Transgender Day of Visibility marks an annual event that celebrates the lives and contributions of transgender people while raising awareness of discrimination faced because of their authentic representation. As I continue to learn how to be an ally, I constantly reflect on ways to build better lives and relationships with my transgender siblings. This is not a one size fits all situation and causes constant self-reflection and community engagement on multiple levels as a person that lives and loves in my community.
This can be seemingly increasingly more difficult the farther out from the intersections we become. There is a norm in society that says if we don’t understand something, we can’t accept it. And that just can’t be more untrue. It is the very uniqueness of people AND THEIR HUMANITY that should make this world a place of more humility and acceptance.
Here’s my list of 4 things that we can do to be better allies for our transgender siblings:
1. Give them opportunities.
Not just for frontline work that you wouldn’t take. Good opportunities. Sustainable opportunities. Integral places to wield power. This includes training and educational opportunities that will allow them to move in a trajectory of established leadership. From my learning and growing, transgender people don’t only need people in power that can make their lives better, they need to be in power and empowered themselves. Over 30% of Black transgender women reportedly make less than $10,000/ year and sit as the most marginalized financial sector of America. Financial stability is, many times, more advocacy than you can imagine.
2. Stop calling on them when the numbers, data and pictures need to be taken.
When we approached my transgender siblings to begin to do work around allyship, I thought it would be an easy sell; after all, I’ve been working in the Houston community for over a decade and believed I was relatively known. They said, “No.” without even a second thought the first time. It took us many months to cultivate a relationship in which they felt comfortable. So many people show up with words and grants that don’t pay them for their lived experience, brilliance or their traumas that we constantly open up for the benefit of more funding. If you want to be an ally, it takes work, sacrifice, grit and resilience. Most importantly, it takes doing the work for their benefit and not for your data.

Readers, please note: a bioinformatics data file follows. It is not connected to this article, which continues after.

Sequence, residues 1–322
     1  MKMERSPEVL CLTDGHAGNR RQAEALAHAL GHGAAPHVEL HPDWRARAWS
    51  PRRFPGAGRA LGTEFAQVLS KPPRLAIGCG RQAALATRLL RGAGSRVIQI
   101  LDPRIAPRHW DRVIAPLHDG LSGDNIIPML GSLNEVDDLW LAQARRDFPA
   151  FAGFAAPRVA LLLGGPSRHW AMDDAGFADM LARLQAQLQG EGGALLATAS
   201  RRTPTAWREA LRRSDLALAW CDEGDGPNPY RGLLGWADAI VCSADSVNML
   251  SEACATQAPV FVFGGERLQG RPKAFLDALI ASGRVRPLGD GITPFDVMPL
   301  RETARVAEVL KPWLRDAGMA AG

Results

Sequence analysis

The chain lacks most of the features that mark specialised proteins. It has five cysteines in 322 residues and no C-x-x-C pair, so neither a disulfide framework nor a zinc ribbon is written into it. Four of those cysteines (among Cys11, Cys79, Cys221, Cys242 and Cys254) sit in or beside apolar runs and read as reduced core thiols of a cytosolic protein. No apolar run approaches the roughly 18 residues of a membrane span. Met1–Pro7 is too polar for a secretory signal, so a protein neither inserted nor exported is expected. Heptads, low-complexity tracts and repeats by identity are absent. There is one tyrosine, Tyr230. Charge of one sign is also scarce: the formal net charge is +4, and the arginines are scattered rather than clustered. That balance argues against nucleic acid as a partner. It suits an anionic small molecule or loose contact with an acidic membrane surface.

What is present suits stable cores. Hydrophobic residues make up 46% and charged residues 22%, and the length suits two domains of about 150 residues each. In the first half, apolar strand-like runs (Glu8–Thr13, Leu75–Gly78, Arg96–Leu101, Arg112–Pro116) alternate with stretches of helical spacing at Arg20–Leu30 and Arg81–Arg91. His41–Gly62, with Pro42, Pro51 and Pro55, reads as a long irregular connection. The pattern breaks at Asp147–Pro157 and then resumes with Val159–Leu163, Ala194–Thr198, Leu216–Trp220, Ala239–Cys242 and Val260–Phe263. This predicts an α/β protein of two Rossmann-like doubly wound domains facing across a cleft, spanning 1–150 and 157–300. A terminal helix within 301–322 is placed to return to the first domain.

3. Know that there is no lack of brilliance.
We spend quite a bit of time talking about their hardship—and it is so important—but I see how it then desensitizes the need to celebrate their brilliance. Right here in Houston, we have some of the most esteemed thought leaders, creatives, leaders and educators who live a transgender experience. Out of being sensitive to their journey, I will not name them without permission for outing them. Still, they are the people I follow for information, go to for advice and laugh with during my times of socializing. Yes, their plight is difficult, but they still show up—and not only show up but show up BRILLIANTLY.
4. Speaking of outing people, don’t out people for your benefit.
Now that visibility is becoming more apparent there is always conversation about someone being “so passible” or “not passible”. (Passability politics will be coming up in a future conversation announced soon.) In other words, we end up talking about someone’s journey in being who they always were. That is not your business. Period. Depending on one’s comfort level, they may be willing to discuss this with you, but only on their terms. It’s their body and life. Don’t we all hate having to explain questions that are not important to random people? Just don’t do it.
These four things range from personal work to more structural work to be done as we celebrate Transgender Day of Visibility. Wherever you are on your ally journey, know that there is work to be done and our siblings need all of us to make their lives safer and their futures brighter. Tell us: what would you add to this list?